Join Nigel French for an in-depth discussion in this video Looking at letterhead layout examples, part of Designing a Letterhead System.
- Let's take a look at a few different approaches to working with the letterhead. As my case study, I'm using Counter Graphic, a graphic design company, and it was the same company that I designed the business card for for the business card course here on lynda.com. So to start with, I have information top and bottom. I also have a red bar along the top, a bleed, goes from edge to edge. Now if you are including a bleed, you are going to be printing this commercially because desktop printers do not print from edge to edge.
So if you do want to print it at home on your own desktop printer, then make sure that you design without a bleed, and here is the equivalent without. Same information, but in this case all at the top. What about if we were to run the information down the side? This will narrow the width of the text frame and possibly create a line length for the text of our letter that's more comfortable. And also here I've included some additional information.
Who's to say we can't rotate the text? And maybe we want to go really big with what we consider the most important piece of information. Maybe we can pick up on some sort of motif, in this case the slash that's part of the logo, and have a repetition of this, or maybe even screen it in the back of the page. If we do that, we want to make sure that it's not way back so that it's not going to interfere with the readability of the text. What if we put the information all on the bottom? Or bottom and top? All at the top.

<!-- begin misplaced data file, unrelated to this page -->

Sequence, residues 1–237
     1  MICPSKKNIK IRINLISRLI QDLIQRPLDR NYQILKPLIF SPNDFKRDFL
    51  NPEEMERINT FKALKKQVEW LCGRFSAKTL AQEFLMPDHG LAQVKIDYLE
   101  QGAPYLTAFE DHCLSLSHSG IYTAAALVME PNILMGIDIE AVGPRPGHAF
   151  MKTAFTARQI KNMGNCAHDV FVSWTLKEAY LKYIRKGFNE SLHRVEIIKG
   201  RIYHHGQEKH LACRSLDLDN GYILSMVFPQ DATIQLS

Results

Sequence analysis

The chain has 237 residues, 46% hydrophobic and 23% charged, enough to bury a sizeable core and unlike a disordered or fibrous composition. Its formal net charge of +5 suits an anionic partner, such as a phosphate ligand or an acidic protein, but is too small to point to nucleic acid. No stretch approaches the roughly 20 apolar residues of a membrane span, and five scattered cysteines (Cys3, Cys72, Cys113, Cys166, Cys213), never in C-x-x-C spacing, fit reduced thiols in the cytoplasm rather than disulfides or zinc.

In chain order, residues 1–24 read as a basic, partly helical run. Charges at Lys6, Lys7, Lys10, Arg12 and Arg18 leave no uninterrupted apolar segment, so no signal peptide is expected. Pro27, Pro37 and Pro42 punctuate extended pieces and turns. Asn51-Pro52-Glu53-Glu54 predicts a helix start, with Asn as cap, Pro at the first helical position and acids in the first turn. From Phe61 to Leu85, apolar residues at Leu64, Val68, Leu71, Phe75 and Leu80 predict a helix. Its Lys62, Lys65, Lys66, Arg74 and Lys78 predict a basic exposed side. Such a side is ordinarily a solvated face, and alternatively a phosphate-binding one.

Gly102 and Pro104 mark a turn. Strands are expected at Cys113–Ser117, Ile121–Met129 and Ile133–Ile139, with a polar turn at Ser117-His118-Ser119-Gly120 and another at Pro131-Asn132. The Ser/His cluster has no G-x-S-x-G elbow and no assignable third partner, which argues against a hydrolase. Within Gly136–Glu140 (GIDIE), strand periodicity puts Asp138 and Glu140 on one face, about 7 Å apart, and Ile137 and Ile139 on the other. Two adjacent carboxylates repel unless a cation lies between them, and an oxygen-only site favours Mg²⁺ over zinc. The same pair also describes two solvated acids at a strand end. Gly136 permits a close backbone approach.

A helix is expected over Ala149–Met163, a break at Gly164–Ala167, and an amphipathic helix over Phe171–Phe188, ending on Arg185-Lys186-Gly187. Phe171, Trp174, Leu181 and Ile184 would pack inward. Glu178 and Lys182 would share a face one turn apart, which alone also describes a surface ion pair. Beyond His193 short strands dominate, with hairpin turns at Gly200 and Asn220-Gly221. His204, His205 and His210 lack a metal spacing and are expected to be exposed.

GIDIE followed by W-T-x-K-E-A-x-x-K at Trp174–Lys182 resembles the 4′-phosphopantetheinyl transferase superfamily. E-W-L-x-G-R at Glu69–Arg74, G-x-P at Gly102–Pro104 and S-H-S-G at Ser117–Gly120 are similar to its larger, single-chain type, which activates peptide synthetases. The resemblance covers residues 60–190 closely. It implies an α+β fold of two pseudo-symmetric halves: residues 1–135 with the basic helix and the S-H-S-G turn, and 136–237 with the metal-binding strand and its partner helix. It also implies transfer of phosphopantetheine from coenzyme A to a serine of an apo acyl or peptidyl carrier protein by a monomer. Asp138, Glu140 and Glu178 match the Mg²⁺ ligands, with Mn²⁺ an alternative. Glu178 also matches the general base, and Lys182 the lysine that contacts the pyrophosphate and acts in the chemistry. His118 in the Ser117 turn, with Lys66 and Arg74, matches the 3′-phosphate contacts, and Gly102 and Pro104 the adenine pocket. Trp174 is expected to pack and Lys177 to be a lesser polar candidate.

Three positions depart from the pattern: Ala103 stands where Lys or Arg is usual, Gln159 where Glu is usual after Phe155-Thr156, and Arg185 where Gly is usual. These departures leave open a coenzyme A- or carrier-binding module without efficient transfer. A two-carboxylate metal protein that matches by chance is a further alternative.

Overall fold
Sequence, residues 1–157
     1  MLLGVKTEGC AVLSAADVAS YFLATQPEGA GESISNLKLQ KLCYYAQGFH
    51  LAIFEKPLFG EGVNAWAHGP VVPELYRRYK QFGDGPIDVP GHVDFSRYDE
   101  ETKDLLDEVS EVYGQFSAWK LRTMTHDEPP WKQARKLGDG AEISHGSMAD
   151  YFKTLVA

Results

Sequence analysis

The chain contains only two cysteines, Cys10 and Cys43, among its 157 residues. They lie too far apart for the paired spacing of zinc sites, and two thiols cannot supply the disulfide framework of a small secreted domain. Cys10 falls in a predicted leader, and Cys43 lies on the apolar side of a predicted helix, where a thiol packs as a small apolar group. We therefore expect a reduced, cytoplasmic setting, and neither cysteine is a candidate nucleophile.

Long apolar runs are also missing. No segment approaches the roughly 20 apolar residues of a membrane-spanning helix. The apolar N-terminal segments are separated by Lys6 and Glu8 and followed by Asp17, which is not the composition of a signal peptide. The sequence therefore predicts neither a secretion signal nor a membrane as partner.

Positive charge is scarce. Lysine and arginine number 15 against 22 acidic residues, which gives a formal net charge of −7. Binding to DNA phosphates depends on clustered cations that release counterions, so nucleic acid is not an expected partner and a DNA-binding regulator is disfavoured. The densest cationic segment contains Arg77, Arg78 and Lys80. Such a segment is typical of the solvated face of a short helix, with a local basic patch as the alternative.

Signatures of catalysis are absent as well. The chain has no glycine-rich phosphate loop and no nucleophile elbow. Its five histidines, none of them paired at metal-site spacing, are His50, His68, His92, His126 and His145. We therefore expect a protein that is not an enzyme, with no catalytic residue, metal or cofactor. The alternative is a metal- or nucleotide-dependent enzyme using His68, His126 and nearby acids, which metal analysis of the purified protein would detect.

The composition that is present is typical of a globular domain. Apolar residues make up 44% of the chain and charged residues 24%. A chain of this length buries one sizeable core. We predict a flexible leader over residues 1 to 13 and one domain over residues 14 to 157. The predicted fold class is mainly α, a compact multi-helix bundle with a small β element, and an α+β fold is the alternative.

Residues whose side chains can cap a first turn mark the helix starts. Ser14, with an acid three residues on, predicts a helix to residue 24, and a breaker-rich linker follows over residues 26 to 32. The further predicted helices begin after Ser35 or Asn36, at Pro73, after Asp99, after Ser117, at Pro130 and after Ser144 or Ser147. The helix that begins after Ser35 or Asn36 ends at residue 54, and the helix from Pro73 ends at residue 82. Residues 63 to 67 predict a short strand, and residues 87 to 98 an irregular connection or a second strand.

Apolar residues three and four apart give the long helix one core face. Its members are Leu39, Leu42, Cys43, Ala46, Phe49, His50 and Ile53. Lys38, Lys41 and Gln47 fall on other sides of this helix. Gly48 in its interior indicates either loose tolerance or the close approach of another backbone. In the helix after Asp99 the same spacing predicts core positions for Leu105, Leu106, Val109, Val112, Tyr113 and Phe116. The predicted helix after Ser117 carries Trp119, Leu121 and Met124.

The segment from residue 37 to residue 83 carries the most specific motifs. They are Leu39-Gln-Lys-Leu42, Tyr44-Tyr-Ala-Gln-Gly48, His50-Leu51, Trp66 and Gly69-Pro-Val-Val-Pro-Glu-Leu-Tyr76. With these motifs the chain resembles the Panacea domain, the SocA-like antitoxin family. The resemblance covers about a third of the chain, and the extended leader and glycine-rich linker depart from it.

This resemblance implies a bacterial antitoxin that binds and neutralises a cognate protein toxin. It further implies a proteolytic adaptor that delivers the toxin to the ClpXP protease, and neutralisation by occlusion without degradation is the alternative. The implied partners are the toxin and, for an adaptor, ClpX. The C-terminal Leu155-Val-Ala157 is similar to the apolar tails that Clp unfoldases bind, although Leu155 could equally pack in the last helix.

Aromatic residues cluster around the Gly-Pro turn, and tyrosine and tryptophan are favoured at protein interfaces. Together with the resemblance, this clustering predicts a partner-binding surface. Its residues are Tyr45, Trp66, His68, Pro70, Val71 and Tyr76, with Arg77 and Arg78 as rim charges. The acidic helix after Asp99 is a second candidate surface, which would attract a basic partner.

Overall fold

And, what if we wanted a second sheet? Now your business letters may be confined to a single page, but what if they're not? We want to continue the brand theme across multiples pages, and so for a second sheet, we wouldn't need all of that information but just the logo in this case and the website address. I think, in order to evaluate these, we also need to see them with some text in place. So let's look at the same designs, but this time with some dummy text.
And we get a whole new perspective on how they're working or not working when we see the text in place.
Note: Although the steps are shown in InDesign, the principles are universal and useful for any software.